BMW is making substantial efforts to start cutting down on its fleet CO2 emissions and create the infrastructure needed for new electrified cars. Since China is the largest automotive market in the world, it’s only fitted to see the efforts of the German company being focused on them in the first place. Therefore, BMW announced recently that it plans to extend its charging network to a grand total of 360,000 points by the end of the year.
At the moment, BMW and its customers have access to about 300,000 charging points in China which means the company is aiming to increase its portfolio with up to 60,000 more to make sure its coverage is as good as it gets. “As a multi-national company with a large-scale footprint in China, BMW is fully supporting the country’s transition toward a low-carbon economy by placing sustainability at the core of our own China strategy,” BMW’s China Chief Executive Officer Jochen Goller, said in a statement.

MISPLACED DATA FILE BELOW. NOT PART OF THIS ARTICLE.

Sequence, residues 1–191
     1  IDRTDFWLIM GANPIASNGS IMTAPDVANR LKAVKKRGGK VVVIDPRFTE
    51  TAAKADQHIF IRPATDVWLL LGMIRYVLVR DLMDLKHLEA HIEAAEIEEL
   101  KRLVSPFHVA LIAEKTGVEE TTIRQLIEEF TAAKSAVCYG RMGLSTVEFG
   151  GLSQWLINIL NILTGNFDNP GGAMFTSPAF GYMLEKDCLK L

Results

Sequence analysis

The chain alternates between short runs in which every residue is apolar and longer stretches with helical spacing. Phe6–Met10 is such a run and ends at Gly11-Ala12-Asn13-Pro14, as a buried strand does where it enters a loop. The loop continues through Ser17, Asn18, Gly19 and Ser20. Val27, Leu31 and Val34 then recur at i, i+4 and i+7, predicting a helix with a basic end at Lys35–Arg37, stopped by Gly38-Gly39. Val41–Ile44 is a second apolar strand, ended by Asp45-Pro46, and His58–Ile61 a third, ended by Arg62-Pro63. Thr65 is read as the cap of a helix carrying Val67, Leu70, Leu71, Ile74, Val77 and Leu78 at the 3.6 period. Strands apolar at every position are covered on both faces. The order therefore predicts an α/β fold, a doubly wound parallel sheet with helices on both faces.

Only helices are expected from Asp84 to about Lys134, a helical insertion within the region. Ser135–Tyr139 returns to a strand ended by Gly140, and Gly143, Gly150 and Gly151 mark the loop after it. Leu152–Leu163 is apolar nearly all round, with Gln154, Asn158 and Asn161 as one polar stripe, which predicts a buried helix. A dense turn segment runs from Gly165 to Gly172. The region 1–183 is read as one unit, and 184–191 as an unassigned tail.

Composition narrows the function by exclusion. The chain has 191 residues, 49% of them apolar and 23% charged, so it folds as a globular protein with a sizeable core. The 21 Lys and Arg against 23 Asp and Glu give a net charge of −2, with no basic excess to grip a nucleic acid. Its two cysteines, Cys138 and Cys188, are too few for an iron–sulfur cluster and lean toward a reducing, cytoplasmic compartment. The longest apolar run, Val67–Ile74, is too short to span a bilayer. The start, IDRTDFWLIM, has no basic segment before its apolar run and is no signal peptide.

This would be just another step in the right direction, following the company’s announcement that its Chinese plants will become carbon-neutral as well by the end of the year. This is a major effort from BMW which will be followed by plans to reduce the CO2 emissions of the entire production chain by 80 percent by 2030, compared to the levels recorded in 2019, one of the biggest for the Bavarian manufacturer.
This goes hand in hand with the plans announced by the President of China, Xi Jinping, earlier this year. According to him, the country has to become carbon neutral by 2060. To this end, the government has big plans to support the rise of electric vehicles. This implies not only supporting EV manufacturers but also the infrastructure around the battery-powered cars. BMW is, of course, going to benefit from these efforts, but won’t sit idly and watch things unfold, but instead chip in as well.